BY: ED COLE
GLENDALE, Ariz. – Over the weekend, the Arizona Cardinals were gracious enough to open their facilities to the NFL for their Regional Scouting Combine, which was a major success.
Almost 200 NFL hopefuls were there on Saturday, doing exactly what the NFL hopefuls will do this week in Indianapolis, Ind., at the NFL Scouting Combine. The big advantage the young men had on Saturday is that they got to hear from Cardinals general manager Steve Keim, who spoke with them passionately about what he and his team are looking for as far as the next crop of Cardinals talent goes.
More importantly than that, Keim was real and honest with them about the type of men the Cardinals are searching for. Keim said they’re looking for quality young men with character and heart. While Keim talked, every young man who kneeled in front of him listened intently. You could hear a pin drop inside the bubble.
“Anytime that you have an opportunity on a big stage to be in front of NFL personnel, it’s a great opportunity,” Keim said. “At the same time, I think there’s a bigger message sometimes for some of these guys. It’s what comes with being an NFL player. There are a lot of responsibilities. I think the thing that goes unnoticed, and I’ve noticed with years and years of evaluations, and missing on players, is what’s the difference between the good and the great ones, or the guys who don’t make the league? A lot of it is personal character: It’s the way you conduct yourself, the way you carry yourself off the field.”
“My message was, just to let them know, that when we talk to coaches about you, and when we go to the colleges to evaluate players, I can see on tape that you’re a talented guy. The question I have is what kind of person are you? How passionate are you about the game, (and) what are your off-field issues?” Keim said. “To me, that’s the difference in the good and great ones. It’s the off-field stuff. That’s what’s made guys like Larry Fitzgerald (and) Carson Palmer so successful in this league. It’s how they conduct themselves, and how they carry themselves like a pro.”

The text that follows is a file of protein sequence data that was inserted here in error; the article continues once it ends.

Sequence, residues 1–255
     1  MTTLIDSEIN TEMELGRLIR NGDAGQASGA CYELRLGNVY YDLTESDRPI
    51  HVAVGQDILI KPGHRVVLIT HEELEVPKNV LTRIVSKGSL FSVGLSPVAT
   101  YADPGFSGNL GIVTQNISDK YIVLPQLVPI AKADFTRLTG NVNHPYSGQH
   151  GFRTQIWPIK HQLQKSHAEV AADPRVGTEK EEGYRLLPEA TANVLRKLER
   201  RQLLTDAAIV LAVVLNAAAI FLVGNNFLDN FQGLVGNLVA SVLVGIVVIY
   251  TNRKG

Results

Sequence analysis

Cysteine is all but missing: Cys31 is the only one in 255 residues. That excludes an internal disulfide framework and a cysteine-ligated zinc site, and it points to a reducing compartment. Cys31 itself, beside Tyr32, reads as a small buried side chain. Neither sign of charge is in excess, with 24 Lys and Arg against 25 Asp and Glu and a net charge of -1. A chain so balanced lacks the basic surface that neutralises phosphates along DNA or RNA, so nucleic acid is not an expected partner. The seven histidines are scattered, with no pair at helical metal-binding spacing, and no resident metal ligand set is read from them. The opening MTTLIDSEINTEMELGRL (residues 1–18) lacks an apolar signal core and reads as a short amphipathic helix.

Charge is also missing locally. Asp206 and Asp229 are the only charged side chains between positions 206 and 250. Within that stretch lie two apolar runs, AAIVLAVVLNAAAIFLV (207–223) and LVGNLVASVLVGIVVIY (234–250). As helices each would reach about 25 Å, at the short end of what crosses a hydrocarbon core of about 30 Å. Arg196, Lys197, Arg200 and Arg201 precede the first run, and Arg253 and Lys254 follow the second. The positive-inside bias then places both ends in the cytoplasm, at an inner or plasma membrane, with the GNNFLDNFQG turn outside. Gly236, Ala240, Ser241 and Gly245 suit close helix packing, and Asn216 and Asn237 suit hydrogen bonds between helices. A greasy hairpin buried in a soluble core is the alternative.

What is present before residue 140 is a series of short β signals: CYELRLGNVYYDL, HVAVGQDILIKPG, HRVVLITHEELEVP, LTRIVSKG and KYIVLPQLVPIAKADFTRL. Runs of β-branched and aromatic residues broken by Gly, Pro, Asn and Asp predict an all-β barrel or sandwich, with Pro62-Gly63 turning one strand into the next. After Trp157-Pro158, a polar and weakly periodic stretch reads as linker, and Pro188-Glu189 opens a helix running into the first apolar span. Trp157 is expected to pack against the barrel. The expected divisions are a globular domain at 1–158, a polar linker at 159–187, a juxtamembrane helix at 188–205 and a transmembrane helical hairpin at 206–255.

Keim wasn’t there just to give the keynote address to the athletes; he was there to scout out some talent as well. The Cardinals have become the masters of finding talent at the lesser-known schools. Guys like John Brown (Pittsburg State), J.J. Nelson (UAB), Justin Bethel (Presbyterian), David Johnson (Northern Iowa) and Rodney Gunter (Delaware State) come to mind when talking about finding a “diamond in the rough.”
For Keim, it comes down to a numbers game when evaluating future talent. Keim says he and his staff will look at as many players as they need to in order to make the right decisions on who to add and who to say no to.
“Anytime we have an opportunity to look at players, we’re gonna do it,” Keim said. “My mindset is leave no stone unturned and continue to try to beat the bushes, because for every five guys that you scout at USC, there’s going to be one diamond in the rough that can help you. There are players who can come from smaller schools, and come from less hype, and be able to produce in the NFL.”
A big reason why Keim’s so attracted to this relatively unknown talent is because all of the guys mentioned three paragraphs ago, along with the ones at the Regional Scouting Combine, and the ones Keim and his staff are looking at now, have something to prove, and they’ll go to any lengths needed to show it, because they’re that hungry to be in the NFL.
“It’s one of those situations where these guys come out with very little fanfare, (and) they haven’t had a silver spoon in their mouths,” Keim said. “Just like (Arizona left tackle) Jared Veldheer. We signed him in free agency, and when you looked at him versus some of the other tackles out there: Here’s a guy from Hillsdale College, he was never given anything, he was drafted in the third round (2010 NFL Draft), and he’s been a great guy for us, not only on the field, but in our locker room, because he still plays with that mindset that he’s that guy from Hillsdale, not USC or Notre Dame. Sometimes those guys have a natural chip on their shoulder that stays within them.”
“I always say this: Whenever you look at the Pro Bowl, or you look at Hall of Fame inductions, it’s not a list of Notre Dame, Tennessee (or) Georgia. There’s Tennessee State, there’s Savannah State, there’s Grambling,” Keim said. “So you can find these players at smaller schools. They have to have the skill set, and they have to have the passion and love for the game. If they have those things, you got a chance.”